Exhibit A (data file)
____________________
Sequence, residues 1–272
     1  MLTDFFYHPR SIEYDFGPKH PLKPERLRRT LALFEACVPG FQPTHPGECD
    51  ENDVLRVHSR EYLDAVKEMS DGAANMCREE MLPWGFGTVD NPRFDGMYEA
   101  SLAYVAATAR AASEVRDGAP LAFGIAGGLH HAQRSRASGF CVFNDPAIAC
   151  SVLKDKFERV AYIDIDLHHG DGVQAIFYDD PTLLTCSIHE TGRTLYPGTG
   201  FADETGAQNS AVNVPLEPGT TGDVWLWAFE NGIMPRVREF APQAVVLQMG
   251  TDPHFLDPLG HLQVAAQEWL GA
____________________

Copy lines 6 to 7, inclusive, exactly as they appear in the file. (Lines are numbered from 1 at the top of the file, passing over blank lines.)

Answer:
   201  FADETGAQNS AVNVPLEPGT TGDVWLWAFE NGIMPRVREF APQAVVLQMG
   251  TDPHFLDPLG HLQVAAQEWL GA